On August 2, Molson Coors announced its second quarter earnings and during a call with shareholders and analysts, CEO Gavin Hattersley explained that the company was seeing a curious split emerge among its customers as inflation hit their wallets.
With inflation raging some beer drinkers were trading down to cheaper brands, while others are still shelling out for pricier six-packs.
Despite a soft overall beverage industry, global inflationary pressures and a strike at its Montreal-area brewery, Hattersley kept his messaging positive, stressing that the company had grown its premium brands for the fifth consecutive quarter while at the same time increasing sales of its sub-premium beers, a sector that the company had recently trimmed but not abandoned entirely.
According to CNBC, “Hattersley credited strong sales growth for pricier drinks like Blue Moon and Peroni beer, as well as strengthening demand for cheaper beers like Miller High Life and Keystone Light.”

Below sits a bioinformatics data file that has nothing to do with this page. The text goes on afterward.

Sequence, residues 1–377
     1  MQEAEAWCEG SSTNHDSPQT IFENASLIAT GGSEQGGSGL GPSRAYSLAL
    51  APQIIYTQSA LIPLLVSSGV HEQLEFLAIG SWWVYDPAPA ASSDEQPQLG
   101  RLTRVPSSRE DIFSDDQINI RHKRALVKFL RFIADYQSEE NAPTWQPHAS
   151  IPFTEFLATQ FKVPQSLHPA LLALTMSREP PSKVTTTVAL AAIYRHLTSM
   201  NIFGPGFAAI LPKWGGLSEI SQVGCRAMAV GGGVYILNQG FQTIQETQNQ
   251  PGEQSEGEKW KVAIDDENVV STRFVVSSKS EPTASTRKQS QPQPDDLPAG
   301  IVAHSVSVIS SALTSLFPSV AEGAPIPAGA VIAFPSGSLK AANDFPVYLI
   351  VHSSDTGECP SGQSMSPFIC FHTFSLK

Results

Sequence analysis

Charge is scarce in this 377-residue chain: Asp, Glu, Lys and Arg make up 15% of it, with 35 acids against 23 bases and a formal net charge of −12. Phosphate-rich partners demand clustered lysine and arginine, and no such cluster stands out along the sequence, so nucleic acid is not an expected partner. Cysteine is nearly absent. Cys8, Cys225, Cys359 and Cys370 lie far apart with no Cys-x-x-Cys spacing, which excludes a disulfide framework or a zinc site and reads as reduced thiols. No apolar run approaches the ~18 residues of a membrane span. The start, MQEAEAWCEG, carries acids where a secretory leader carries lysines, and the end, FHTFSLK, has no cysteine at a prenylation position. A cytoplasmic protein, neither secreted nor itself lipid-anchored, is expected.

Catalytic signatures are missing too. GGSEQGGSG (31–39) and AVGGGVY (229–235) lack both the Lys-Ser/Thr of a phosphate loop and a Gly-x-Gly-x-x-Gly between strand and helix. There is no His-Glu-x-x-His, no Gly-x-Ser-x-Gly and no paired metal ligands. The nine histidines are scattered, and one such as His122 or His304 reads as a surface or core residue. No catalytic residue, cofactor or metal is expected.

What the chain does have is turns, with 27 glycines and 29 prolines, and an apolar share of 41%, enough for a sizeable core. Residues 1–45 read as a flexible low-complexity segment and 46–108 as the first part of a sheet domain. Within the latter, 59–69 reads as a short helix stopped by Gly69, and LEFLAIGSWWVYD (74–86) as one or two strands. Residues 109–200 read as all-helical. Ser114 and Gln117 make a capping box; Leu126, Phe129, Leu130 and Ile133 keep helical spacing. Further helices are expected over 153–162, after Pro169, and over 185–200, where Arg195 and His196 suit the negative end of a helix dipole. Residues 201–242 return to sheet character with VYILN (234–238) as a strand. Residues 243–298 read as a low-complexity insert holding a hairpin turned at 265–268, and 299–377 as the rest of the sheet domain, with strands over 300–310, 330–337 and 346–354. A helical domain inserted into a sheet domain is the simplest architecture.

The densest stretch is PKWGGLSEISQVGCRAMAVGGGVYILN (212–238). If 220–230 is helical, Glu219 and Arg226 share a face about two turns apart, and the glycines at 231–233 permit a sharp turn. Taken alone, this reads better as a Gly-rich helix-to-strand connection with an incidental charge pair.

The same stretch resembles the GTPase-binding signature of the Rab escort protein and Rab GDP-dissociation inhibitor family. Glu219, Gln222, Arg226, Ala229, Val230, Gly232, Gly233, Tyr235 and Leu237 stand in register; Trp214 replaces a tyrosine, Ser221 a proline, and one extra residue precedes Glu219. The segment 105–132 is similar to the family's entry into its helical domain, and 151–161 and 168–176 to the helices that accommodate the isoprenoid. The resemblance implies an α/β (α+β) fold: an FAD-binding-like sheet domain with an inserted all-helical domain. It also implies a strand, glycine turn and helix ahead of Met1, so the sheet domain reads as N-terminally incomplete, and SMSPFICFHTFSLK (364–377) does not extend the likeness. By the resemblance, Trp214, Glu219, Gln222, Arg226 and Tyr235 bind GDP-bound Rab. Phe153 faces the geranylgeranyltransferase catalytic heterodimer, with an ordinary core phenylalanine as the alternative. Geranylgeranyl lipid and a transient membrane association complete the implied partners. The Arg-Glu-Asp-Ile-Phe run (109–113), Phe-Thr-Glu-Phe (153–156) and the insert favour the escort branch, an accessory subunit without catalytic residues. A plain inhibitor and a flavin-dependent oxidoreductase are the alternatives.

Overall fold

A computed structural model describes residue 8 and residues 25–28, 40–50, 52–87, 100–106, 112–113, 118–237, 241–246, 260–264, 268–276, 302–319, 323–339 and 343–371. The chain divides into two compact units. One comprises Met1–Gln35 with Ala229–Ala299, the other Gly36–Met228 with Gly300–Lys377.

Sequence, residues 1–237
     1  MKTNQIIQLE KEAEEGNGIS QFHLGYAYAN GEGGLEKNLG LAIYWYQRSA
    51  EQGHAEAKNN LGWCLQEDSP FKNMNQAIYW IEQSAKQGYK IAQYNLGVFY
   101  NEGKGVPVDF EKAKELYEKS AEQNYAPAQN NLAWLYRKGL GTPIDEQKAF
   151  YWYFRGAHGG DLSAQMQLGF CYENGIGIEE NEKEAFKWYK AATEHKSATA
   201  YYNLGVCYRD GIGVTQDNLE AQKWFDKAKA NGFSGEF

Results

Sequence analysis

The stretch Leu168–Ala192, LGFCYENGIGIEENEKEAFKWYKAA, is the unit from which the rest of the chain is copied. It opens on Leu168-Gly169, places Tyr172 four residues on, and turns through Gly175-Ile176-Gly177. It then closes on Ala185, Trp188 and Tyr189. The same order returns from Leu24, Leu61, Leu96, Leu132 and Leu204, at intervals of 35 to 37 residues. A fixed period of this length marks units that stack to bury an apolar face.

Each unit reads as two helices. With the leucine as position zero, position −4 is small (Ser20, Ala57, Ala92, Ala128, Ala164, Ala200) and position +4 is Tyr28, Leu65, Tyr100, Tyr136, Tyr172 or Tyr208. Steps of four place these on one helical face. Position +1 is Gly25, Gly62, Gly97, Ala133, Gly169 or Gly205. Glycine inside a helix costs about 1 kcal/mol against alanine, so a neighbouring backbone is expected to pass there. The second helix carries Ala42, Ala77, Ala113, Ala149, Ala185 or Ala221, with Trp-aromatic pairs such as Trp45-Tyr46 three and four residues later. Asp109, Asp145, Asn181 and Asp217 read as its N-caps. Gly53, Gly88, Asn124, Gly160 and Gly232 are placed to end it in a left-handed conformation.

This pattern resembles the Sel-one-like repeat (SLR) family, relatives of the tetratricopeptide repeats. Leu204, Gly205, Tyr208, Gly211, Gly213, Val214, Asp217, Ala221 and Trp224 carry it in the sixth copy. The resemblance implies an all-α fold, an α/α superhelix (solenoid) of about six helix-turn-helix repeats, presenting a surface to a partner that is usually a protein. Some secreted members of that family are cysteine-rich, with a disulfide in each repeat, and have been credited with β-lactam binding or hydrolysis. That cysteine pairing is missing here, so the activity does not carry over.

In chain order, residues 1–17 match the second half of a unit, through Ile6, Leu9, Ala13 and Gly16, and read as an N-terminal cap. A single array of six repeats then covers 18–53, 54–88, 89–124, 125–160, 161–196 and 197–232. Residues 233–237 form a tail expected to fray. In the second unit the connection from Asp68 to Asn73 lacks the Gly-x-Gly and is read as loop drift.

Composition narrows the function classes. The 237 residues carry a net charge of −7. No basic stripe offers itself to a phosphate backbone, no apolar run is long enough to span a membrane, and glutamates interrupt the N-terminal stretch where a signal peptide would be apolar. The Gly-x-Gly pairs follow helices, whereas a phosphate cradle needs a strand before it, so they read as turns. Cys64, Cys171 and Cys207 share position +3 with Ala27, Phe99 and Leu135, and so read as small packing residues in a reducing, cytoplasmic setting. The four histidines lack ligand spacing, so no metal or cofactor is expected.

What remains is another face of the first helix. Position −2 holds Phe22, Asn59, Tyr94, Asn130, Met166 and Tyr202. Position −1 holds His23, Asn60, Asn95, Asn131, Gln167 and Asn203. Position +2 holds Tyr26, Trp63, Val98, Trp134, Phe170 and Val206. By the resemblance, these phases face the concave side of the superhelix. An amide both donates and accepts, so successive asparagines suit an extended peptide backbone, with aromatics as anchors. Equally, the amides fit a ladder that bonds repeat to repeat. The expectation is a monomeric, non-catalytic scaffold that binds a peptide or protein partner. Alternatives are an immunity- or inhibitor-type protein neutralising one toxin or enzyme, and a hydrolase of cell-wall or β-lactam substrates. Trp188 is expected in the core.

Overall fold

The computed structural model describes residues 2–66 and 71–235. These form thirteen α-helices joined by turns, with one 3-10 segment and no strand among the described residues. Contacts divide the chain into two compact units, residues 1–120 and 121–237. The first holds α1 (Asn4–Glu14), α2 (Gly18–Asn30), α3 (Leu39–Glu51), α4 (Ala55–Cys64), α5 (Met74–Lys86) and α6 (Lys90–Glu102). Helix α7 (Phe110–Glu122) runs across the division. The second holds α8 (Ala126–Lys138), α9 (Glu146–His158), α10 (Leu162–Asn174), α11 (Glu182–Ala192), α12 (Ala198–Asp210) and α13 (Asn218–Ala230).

“What some would regard as an Achilles heel, in the past, has positioned us perfectly at the moment,” Hattersley said. “Some of our competitors only operate in the premium space, which is obviously not a place I’d like to be as we’re heading into what’s clearly going to be tough times.”
In the US, Coors Light and Miller Lite combined in the second quarter to turn in their best quarterly performance in nearly seven years. Coors Banquet, meanwhile, posted double-digit sales growth.
Hattersley told Beer & Beyond that company’s 2Q performance which grew dollar share in the US, grew volume and dollar share in Canada (with the exception of Quebec), and ranked as the largest share-gainer in the UK was not a coincidence, rather “the rewards of our continued to commitment to and execution of” its revitalization plan.
“While the global macroeconomic environment remains a challenge,” Hattersley cautioned Molson Coors is “well-positioned … to deliver on our full-year guidance.”
“Our plan is working,” he added.
(All image credits: Molson Coors)